A retired Belgian police officer. Poirot is Christie's most famous detective and is known for his short stature and long, curly moustache. Poirot is very intelligent, extremely aware and instinctual and is a brilliant detective. The novel is generally written from his perspective.
The director of the Compagnie Wagon Lits and formerly worked for the Belgian police force with Poirot. Traveling on the Orient Express, M. Bouc asks Poirot to take the case. M. Bouc provides comic relief in the novel, constantly frustrated with the case and confused by Poirot.
The coroner aboard the Orient Express. Dr. Constantine is often Poirot or M. Bouc's sidekick and is present for most of the evidence gathering. Dr. Constantine examines Ratchett's body and determines when he could have been killed.
Daisy Armstrong's governess. Mary Debenham is a calm, cool and unruffled lady, instrumental in the planning of Ratchett's murder. Poirot is most suspicious of Mary because of conversation he overhears between herself and Colonel Arbuthnot on the train to Stamboul.
Really Linda Arden, famous actress and grandmother of Daisy Armstrong. Mrs. Hubbard provides constant interruption and diversion on the train and is known for her stories about her daughter. Mrs. Hubbard's compartment is next to Ratchett's.
A friend of Colonel Armstrong, and father of Daisy Armstrong. Like Mary Debenham, Poirot suspects him because he called Mary by her first name on the train to Stamboul. Colonel Arbuthnot is hard-willed, polite and very "English."
A Russian princess. Princess Dragomiroff is a generally despicable, ugly old lady; her yellow, toad-like face puts off Poirot. She is the owner of the famous "H" handkerchief found in Ratchett's room and tells Poirot many lies about the other passenger's identities.
Ratchett's personal secretary. Hector is truly in cahoots with the Armstrong family. McQueen tries to hard to tell Poirot that Ratchett did not speak any French—making him an immediate suspect in the case.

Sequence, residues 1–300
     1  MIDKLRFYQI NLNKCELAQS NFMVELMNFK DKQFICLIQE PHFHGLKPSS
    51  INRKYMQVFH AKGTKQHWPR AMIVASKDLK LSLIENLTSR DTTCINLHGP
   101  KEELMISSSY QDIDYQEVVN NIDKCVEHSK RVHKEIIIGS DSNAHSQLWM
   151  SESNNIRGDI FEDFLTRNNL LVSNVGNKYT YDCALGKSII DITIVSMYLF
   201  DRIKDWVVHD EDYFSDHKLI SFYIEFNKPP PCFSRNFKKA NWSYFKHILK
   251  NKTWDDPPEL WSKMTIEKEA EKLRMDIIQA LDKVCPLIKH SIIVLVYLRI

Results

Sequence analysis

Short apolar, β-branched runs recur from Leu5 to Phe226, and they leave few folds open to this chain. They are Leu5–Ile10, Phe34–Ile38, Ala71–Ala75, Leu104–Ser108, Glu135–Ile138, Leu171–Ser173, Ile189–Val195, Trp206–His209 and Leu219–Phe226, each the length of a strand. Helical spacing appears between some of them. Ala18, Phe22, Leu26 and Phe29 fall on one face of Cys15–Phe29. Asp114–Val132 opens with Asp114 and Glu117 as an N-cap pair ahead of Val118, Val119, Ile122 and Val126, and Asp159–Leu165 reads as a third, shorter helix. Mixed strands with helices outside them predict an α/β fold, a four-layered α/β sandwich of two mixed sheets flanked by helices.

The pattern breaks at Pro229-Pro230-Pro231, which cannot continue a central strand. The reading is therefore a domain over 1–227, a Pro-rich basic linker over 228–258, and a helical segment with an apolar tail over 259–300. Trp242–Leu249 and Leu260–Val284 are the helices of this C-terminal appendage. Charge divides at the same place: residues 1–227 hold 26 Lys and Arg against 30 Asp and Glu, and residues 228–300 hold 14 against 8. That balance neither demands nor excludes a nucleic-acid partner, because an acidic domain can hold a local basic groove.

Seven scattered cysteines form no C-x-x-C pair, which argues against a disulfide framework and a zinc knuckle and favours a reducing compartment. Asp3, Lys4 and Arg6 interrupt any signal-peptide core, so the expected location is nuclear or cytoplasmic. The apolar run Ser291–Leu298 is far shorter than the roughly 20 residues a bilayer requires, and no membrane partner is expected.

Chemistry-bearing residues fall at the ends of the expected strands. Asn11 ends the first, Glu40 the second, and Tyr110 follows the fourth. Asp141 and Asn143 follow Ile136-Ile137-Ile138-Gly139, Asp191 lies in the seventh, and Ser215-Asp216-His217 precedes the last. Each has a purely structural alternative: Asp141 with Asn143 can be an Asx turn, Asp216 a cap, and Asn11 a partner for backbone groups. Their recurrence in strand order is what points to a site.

Real name Cassetti, kidnapped and murdered the young Daisy Armstrong for money. The Armstrong family murders Ratchett because he escaped punishment in the U.S. Poirot describes Ratchett as a wild animal.
The sister of Sonia Armstrong, did not murder Ratchett. Because the Countess is closest to the Armstrong case, she attempts to conceal her identity by dropping grease on her passport and smudging the name label on her luggage. The Countess is quite young, dark haired and beautiful.
A very defensive man who tries to conceal the true identity of his wife, Countess Andrenyi. The Count takes his wife's place in the murder.
The big flamboyant American. Cyrus is a detective with a well-known detective service in New York City. He becomes involved with the Armstrongs because he was in love with Daisy's French nurse who committed suicide after Daisy was killed. Cyrus pretends to help Poirot with the case.
M. Bouc is sure that Antonio, a big menacing Italian man, had something to do with the murders, primarily because M. Bouc distrusts Italians. Revealed by Poirot, Antonio was the Armstrong's chauffer. Antonio loved dear little Daisy and tears when he speaks of her.
Greta Ohlsson weeps and weeps and weeps. The Swedish lady was Daisy Armstrong's nurse and is a very delicate type—not meant for murder.
Has a kindly face set in an expression of "placid stupidity." Hildegarde is rather slow-minded and unquestioningly carries out the ugly Princess's orders. Hildegarde pretends to be Princess Dragomiroff's maid, but is truly the Armstrong's cook.
Ratchett's valet, brought into the murder plot by Hardman. Masterman is not a terribly colorful character, mainly referred to by his function—"the valet." Masterman is very polite and obedient, perhaps even haughty.
Father of the suicidal nursemaid of Daisy Armstrong, is the Conductor of the Orient Express. Pierre, like the other servants does not initially receive much scrutiny—he is not a top suspect. However, as the novel progresses, his involvement in the murder is proven essential.